Anabaptist Baptist Martyr Hans Landis: A Brief But Fascinating Story
Hans’ exact birth-date is unknown, and no one is sure exactly when he took up the Anabaptist faith. Details are fuzzy until about the year 1608; this is when Hans was put into prison, though, by the grace of God, friends managed to extricate him. By this time he was a man of the cloth and was considered more dangerous than regular Anabaptist believers due to his dispersal of doctrine. The “Global Anabaptist Mennonite Encyclopedia” states that contemporaries described Landis as having “a long black beard mixed with gray and a manly voice.” As a preacher, he must have used that booming voice much to his advantage.
When Hans was again captured, he resolutely refused to give up his beliefs. Authorities offered him the chance to leave the country; he said no. He explained that they had no power to give and take land and he would not be intimidated by their decrees. Though exile might have saved him more heartache, he remained, and he took what came.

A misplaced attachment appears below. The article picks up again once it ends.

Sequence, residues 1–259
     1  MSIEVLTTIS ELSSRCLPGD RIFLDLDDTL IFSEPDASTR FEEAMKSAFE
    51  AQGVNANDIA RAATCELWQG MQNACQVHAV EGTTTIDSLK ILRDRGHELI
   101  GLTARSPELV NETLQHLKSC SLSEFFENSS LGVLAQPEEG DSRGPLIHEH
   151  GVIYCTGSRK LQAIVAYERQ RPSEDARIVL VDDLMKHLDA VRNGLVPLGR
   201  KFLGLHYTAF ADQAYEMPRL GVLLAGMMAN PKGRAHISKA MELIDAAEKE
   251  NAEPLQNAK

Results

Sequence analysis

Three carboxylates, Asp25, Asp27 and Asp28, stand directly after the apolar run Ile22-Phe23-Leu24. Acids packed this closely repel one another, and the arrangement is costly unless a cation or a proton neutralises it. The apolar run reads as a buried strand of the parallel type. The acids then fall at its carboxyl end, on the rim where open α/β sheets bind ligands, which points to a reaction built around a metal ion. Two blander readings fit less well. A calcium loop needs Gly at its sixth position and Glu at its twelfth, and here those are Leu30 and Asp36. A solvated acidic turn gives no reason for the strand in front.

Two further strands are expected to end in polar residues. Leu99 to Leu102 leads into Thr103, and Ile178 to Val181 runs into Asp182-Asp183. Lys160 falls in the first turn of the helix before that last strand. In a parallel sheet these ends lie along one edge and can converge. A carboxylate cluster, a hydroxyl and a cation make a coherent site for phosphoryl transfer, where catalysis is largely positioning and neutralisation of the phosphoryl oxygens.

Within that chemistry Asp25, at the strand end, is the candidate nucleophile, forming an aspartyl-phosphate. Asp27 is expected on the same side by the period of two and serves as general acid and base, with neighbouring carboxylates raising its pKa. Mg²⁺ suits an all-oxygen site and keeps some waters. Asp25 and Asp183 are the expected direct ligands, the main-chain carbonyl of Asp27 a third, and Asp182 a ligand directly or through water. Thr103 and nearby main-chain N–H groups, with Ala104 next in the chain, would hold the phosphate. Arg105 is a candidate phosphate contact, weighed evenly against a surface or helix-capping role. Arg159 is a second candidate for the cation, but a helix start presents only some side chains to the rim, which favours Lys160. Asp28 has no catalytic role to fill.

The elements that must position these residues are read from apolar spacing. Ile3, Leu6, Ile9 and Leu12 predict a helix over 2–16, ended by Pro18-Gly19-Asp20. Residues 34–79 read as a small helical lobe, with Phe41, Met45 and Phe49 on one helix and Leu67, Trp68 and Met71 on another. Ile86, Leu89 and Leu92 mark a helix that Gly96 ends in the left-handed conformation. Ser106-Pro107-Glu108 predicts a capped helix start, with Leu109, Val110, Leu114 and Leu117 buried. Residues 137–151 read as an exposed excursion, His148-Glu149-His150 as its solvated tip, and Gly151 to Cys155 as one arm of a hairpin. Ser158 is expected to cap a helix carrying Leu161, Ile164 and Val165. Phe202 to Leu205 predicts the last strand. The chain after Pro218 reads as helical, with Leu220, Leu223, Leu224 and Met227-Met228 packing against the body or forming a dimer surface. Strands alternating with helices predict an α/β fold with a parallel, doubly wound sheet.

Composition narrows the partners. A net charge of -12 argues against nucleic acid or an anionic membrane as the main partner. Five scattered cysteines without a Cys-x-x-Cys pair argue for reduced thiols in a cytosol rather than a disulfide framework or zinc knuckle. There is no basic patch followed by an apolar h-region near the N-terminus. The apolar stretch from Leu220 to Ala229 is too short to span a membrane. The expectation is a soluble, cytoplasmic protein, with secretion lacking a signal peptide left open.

Again the choice of emigration was given to Hans. The alternatives were dank and dismal, and many gave in. But Hans Landis did not. The hand of God facilitated another escape. Taking up ministerial duties once more was a brave but dangerous act, and he found himself once again imprisoned. This time he would not be so lucky. His family, upon learning that he was to be killed, came in full mournful array, but Hans asked them to leave. He explained that witnessing their grief had the potential to turn him from steadfast martyrdom and he could not bear for it to be so.
Hans Landis was beheaded in 1614, having chosen Christ over the joys of life and the love of family. Many American families proudly share his bloodline and keep his name and memory alive today.
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